• Upload the code and open the Serial Monitor to run the code;
  • You will be prompted to enter the following information, which can be obtained for your device in the Helium Console;
  • Select the OTAA join option;
  • Copy and paste the App EUI from the Helium Console to the Serial Monitor;
  • Copy and paste the App Key (which must be kept secret).

After a few seconds, you should see the following output in the Serial Monitor that shows your first data packet was sent successfully.

Message sent correctly!

Now you can go back to the Helium Console to view the packet transfers that took place on the Device page. You can see the size of the packets, which Hotpots received them, and what Spreading Factor (SF) was used:

Step 6: Arduino Firmware

Now that our device is communicating with Helium, we can load the firmware to turn our node into a remote soil moisture sensor.

The full source code is available for download on the OKdo GitHub repository.

  • Download the zip version or clone the repo onto your PC;
  • Open helium-mkr1310-node.ino;
  • Add the Forced-BME280 and Arduino Low Power libraries to the Arduino IDE using the library manager;
  • Open the arduino_secrets.h tab and add your App EUI and App Key for the device from the Helium Console.
// Helium
  • Set the Regional Band for your region as above
  • Set Debugging on
  • Adjust the send interval to 2 minutes for testing purposes.
#define DEBUG
#define SEND_INTERVAL 2 // Send interval in mins

We set the initial data rate to 5, corresponding to a Spreading Factor of SF7BW125.

    DataRate  Modulation  SF  BW  bit/s
    0   LoRa  12  125   250
    1   LoRa  11  125   440
    2   LoRa  10  125   980
    3   LoRa  9   125   1'760
    4   LoRa  8   125   3'125
    5   LoRa  7   125   5'470
    6   LoRa  7   250   11'000

Information about Frequency Plans and Spreading Factors on Helium can be found here.

Tip: If you send packets too often, your packets will get blocked.

The moisture sensor outputs a voltage between 0 and 3.3V depending on how wet the soil is. The Arduino’s Analogue to Digital Converter (ADC) has a default resolution of 10-bits, so it converts this voltage to a 16-bit integer value between 0 and 1023 when analogRead is called. We mapped this to a percentage value and stored it in a 16-bit signed integer before adding it to the data packet.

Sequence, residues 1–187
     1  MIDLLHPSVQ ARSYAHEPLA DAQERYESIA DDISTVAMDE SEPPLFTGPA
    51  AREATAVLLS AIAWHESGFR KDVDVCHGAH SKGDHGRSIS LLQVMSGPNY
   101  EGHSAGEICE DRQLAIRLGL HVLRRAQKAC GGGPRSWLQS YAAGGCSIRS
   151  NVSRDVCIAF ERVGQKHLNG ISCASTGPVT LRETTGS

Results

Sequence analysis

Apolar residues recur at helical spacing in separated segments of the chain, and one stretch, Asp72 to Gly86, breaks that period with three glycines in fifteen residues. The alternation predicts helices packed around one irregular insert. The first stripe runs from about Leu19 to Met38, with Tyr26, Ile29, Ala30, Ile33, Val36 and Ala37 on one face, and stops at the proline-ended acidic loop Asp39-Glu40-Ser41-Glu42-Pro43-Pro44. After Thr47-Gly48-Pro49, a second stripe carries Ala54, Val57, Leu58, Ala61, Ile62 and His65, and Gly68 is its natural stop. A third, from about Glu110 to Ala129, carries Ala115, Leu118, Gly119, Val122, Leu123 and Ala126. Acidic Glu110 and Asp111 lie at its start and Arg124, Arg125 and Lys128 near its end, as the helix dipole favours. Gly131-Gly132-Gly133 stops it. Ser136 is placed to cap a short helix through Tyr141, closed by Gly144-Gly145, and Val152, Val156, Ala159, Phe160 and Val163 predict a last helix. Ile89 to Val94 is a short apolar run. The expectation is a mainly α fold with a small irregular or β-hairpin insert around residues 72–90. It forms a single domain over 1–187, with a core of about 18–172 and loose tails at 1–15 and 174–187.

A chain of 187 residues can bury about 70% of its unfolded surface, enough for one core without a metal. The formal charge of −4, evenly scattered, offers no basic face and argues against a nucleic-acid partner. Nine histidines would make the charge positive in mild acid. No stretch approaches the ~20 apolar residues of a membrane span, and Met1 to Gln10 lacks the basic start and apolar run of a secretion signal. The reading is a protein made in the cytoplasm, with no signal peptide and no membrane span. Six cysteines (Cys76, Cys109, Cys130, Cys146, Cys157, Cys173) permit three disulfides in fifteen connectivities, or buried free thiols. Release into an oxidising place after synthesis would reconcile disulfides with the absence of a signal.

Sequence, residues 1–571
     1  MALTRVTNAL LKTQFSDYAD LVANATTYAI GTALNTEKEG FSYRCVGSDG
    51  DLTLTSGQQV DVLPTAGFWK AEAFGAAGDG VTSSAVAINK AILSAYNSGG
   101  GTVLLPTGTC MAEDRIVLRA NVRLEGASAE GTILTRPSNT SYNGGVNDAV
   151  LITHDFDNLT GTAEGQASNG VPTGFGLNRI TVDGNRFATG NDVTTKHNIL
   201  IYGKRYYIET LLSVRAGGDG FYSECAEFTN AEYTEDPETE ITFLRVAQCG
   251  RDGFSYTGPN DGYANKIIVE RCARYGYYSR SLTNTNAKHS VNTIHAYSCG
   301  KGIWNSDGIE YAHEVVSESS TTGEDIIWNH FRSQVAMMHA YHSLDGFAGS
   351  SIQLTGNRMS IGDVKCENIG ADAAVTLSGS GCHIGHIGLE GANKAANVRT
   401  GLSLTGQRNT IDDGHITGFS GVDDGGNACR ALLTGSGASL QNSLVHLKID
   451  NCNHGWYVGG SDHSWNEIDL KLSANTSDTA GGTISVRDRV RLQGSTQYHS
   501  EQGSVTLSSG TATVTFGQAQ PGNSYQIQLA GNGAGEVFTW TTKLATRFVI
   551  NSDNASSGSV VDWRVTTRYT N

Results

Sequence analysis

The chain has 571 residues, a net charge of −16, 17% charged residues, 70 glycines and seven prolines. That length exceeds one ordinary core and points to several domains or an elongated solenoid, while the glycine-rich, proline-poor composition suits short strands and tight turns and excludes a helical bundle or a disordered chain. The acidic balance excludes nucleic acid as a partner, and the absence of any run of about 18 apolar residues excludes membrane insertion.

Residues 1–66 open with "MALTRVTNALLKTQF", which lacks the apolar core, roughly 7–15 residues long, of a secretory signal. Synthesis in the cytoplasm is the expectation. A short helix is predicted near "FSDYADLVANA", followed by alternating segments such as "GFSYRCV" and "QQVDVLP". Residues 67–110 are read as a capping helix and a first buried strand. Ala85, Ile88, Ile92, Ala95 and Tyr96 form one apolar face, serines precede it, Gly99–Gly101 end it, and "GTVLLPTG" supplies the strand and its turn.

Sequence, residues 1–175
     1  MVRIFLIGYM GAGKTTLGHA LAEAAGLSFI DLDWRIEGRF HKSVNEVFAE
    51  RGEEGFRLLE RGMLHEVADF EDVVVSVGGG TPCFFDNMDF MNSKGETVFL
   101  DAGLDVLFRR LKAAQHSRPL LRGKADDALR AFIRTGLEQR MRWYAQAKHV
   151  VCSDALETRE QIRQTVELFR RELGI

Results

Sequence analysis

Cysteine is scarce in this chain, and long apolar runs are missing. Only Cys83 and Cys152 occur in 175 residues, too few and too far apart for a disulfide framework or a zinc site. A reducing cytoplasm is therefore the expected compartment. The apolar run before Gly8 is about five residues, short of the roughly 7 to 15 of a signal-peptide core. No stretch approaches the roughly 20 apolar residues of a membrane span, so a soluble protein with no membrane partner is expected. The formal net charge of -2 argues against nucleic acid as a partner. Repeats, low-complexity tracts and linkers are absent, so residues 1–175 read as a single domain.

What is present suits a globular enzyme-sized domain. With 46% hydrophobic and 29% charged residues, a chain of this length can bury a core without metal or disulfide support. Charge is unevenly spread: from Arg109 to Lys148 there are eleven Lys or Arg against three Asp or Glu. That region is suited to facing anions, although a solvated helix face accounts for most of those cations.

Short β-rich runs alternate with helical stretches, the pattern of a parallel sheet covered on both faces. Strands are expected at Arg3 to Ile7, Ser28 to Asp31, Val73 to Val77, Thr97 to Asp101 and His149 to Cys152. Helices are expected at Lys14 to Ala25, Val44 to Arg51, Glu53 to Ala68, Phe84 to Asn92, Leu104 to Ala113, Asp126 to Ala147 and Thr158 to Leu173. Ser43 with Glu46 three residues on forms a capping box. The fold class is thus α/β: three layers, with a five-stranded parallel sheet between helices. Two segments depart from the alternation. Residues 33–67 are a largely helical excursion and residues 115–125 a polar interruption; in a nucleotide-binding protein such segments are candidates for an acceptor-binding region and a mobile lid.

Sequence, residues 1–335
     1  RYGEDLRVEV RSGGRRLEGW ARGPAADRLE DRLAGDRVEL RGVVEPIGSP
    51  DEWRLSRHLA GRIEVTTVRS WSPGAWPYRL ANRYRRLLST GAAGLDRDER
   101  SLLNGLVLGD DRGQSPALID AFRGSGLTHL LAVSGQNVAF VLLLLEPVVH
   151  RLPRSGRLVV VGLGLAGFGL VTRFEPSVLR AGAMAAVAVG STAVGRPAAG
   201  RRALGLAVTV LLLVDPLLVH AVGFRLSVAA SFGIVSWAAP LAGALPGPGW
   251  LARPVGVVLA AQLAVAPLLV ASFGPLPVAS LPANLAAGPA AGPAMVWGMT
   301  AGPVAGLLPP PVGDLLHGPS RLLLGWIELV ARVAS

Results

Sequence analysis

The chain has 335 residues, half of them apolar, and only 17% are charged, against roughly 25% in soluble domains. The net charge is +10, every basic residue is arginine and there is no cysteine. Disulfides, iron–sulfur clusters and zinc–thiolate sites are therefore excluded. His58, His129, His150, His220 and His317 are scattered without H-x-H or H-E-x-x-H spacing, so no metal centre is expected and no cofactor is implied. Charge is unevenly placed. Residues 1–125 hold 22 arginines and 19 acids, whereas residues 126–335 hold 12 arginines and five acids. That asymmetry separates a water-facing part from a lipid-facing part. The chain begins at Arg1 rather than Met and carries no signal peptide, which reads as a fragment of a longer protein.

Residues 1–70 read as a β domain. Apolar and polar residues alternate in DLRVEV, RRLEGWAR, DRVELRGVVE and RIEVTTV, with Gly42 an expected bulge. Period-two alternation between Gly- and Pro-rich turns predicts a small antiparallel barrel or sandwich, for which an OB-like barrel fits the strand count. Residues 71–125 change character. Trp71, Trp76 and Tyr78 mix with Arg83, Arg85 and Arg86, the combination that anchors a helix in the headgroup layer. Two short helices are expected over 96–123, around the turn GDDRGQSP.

// Read moisture sensor
  int16_t moisture_raw = analogRead(moisturePin);
  if (moisture_raw > DRY) {
    moisture_raw = DRY;
  } else if (moisture_raw < WET) {
    moisture_raw = WET;
  int16_t moisture_pc = map(moisture_raw, DRY, WET, 0, 100);

To calibrate the moisture sensor when you run the code, make a note of the (Dry) reading, then put the sensor into a glass of water and note the (Wet) reading, then update the macros at the top of the code:

#define WET 106
#define DRY 608

The BME280 sensor module is connected to the  I2C bus. The library we used returns floating point values for temperature, pressure and humidity whenever the sensor is read. These were converted to integers by scaling with a multiple of 10 and casting to a 16-bit integer. There is a small loss in resolution using this method, but it is negligible for this type of application.

 int16_t temperature_raw = (int16_t)(climateSensor.getTemperatureCelcius() * 100.00);

Once all the sensors have been read and their values stored as 16-bit integers, each 16-bit value (2 bytes) can be converted into two 8-bit bytes and placed in a buffer to build up the data packet. That way, all 4 sensor readings, plus a counter for debugging, can be compressed into just 10 bytes. Keeping data packets small becomes important when sending data over LoRaWAN.

Here is the code and the function that does this bit manipulation:

// Buffer sensor readings
uint8_t buffer[BUFFER_SIZE] = {0};  // init to zero!
// Store moisture percent value in first 2 bytes of buffer
int_to_byte_array(moisture_pc, &buffer[0]);
void int_to_byte_array(int16_t n, uint8_t* buf) {
  *buf = n >> 8;
  *++buf = n & 0xFF;

Tip: Using size_t data types ensures this code works on different MCU’s where integers may be 16 or 32-bits wide.

Once the data buffer has been filled with sensor readings, the packet can be sent:

modem.write(buffer, BUFFER_SIZE);  // write n bytes
err = modem.endPacket(true);

Upload the code and check the output in the Serial Monitor. You should see the device details and sensor readings followed by confirmation the packet has been sent.

Tip: If you get message failures, you may be out of range of the nearest Hotspot, or you may need to increase the Spreading Factor by lowering the dataRate parameter. This will increase the range, but you may need to increase the interval between sends. It is a balance with LoRaWAN.

The final point of interest is putting the module to sleep in between sending data, which is done by calling the sleep function from the Arduino Low Power library with the interval in milli-seconds; this dramatically increases battery life, so we should see several months of usage in between charging cycles:

LowPower.sleep(SEND_INTERVAL * 60 * 1000);

Step 7: Helium Functions

Because data packets are converted to bytes and encrypted when they are sent over the network, you cannot see their contents unless you set up a decoding Function in the Helium Console. Functions are written in JavaScript and must adhere to a predefined format. This script reverses the bit manipulation done on the Arduino and returns the byte array back into floating point values:

  • Open the Functions page in the Helium Console side menu;
  • Click Add New Function;
  • Give the function a name and select Custom Function;
  • Paste the following JavaScrip into the text box.
function Decoder(bytes, port) {
  var decoded = {};
  decoded.moisture_pc = (bytes[0] << 8) + bytes[1];